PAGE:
Economist and demographer Thomas Malthus earned a reputation as one of history’s great gloom-mongers with his prognostications of inevitable famine as human populations grew, saying in 1779, “The power of population is so superior to the power in the earth to produce subsistence for man, that premature death must in some shape or other visit the human race”, before adding that if war and disease didn’t keep populations down, “gigantic inevitable famine stalks in the rear.” Thus, humanity was caught in a demographic trap, condemned to starve in lean years each and every time it overbred in good ones.
An inaccurate forecast?
But of all history’s inaccurate forecasts, this particular one from Malthus was amongst the worst. The global population was about 1bn when Malthus was wringing his hands, whilst last year it is estimated to have hit 7.8bn people. Yet, as we discussed in our Health and Well-Being article last month, despite this nearly 8x increase in the world’s population, famines have become less common during the last several centuries, not more. Of all the countries in the world, the Food and Agriculture Organization of the United Nations calculates that in only two does the average daily calorific intake sit below 2,000 calories – the average necessary male/female daily intake – whereas when Malthus was writing, only one or two countries on Earth had breached this threshold, and most of the world’s population from Europe to Japan lived in seasonal fear of starvation.
Something incredible happened in the ensuing years
Humanity worked out how to grow more off the land. Much, much more, and with less susceptibility to bad weather or crop-killing diseases. There are many ways in which this was done, but one of the most important was the mechanisation of agriculture: the replacement of exhaustible, time-intensive human-led farming with tractors, harvesters, planters and other machinery that can work relentlessly, in almost any conditions, generating far more output than even a team of humans could dream of doing. It is estimated that 150 years ago, it took 25 men an entire day’s work to harvest and thresh a ton of grain. With a modern combine harvester, a single person can do it in 6 minutes. In other words, a 2500-fold increase in productivity has been achieved. Pre-mechanisation, it used to take 30 minutes to milk 10 litres, whereas with a modern milking machine it takes under a minute to generate the same amount of milk.1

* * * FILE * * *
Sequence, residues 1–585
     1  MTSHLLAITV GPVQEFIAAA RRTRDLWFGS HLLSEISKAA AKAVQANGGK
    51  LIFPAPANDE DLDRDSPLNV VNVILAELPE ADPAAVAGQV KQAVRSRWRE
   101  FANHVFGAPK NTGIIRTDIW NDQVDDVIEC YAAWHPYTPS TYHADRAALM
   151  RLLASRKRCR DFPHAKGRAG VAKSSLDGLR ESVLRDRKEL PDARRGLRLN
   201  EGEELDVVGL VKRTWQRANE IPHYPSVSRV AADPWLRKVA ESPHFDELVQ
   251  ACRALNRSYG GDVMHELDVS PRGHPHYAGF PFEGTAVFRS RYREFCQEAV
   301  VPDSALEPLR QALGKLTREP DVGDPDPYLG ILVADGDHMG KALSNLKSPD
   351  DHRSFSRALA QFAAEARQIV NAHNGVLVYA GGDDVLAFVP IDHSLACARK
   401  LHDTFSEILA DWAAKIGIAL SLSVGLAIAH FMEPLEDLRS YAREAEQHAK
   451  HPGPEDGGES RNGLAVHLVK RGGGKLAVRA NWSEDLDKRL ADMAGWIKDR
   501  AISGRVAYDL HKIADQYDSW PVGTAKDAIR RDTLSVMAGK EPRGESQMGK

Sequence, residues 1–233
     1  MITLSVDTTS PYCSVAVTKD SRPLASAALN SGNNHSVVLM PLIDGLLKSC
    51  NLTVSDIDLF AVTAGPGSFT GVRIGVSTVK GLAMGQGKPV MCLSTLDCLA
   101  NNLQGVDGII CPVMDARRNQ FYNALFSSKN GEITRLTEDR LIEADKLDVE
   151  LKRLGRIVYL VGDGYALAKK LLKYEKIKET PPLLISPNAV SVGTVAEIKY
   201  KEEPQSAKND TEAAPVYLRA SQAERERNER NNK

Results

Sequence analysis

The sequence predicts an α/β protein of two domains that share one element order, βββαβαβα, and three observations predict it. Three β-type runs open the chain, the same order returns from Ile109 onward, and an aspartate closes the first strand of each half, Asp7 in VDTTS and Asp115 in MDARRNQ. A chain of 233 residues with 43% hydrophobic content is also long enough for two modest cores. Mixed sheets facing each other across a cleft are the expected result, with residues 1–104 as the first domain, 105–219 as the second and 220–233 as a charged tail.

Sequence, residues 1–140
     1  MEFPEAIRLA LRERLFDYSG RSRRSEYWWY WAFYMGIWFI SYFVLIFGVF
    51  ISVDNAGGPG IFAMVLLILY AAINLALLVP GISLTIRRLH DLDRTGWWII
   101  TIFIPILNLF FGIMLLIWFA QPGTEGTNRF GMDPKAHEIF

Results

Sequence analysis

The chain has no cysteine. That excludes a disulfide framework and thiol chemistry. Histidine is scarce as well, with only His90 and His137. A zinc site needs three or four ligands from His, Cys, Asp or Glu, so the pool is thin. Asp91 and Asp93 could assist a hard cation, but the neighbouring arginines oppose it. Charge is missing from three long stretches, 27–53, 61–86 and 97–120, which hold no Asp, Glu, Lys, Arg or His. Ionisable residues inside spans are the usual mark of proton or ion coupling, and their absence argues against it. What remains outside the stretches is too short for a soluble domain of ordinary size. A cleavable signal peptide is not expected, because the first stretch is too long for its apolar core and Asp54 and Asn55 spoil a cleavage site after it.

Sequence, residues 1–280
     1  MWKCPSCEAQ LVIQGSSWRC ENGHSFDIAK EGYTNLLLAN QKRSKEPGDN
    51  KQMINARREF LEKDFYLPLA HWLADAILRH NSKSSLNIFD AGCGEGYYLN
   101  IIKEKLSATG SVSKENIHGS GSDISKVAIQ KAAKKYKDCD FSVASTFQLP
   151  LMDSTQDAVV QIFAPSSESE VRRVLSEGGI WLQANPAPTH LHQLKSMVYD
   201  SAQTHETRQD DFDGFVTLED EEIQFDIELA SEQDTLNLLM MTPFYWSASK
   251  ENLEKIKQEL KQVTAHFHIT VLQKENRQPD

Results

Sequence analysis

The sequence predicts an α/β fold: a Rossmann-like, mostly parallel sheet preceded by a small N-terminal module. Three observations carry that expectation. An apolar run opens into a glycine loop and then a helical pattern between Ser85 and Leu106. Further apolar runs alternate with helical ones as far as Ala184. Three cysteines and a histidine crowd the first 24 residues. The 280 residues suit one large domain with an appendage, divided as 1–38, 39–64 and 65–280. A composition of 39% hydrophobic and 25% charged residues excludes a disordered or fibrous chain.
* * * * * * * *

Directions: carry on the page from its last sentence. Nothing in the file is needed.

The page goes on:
Spotlight on Kubota
Kubota, Japan’s leading manufacturer of agricultural machinery, is a business that is keenly aware of its role in helping a growing global population to feed itself more efficiently. There are over 4 million Kubota tractors out in fields across the globe helping generate food off the land. It is at the forefront of mechanising agriculture in rice growing countries across southeast Asia, where agriculture is still far less mechanised than it is the developed world. Kubota’s heritage in Japan, where rice is the staple crop, positions it perfectly to provide high-quality products into Asia, and it has a number one market share of tractors in Thailand, and is the leader across the Asian continent in manufacturing combine harvesters.
Given that the United Nations is forecasting that the global population will approach 10bn by 2050, and it is expecting food demand in that year to be 1.7x greater than it was in 2010, there are going to need to be continued efficiency gains in the way that we generate food if these people are going to be fed. This is especially the case because even as populations are rising, and food output is increasing, there is a simultaneous exodus from the fields, rural populations across the global pulled towards cities and their economic and social potential like moths to a flame. Even since 1990, the decline has been staggering, as shown in the chart below. The further mechanisation of agriculture, and companies like Kubota, will be key to liberating people from drudgery on the land and feeding a growing world.2
Source: Kubota, based on World Bank research
But if getting more out of the ground is one part of the equation, then moving that produce across the globe with minimum wastage is another vital part. Until recently, food often had to be eaten shortly after it had been procured, or else it would rot. Some food could be dried and salted to make it less perishable, but even salt was too expensive for most people to afford. Even these days, with vastly improved food storage and transportation techniques, the UN estimates that 14% of food is lost between harvest and retail, with that number leaping to 25% in developing markets, where the food supply chain is less sophisticated. In the United States, about 13mn tonnes of food is wasted each year between production and consumption.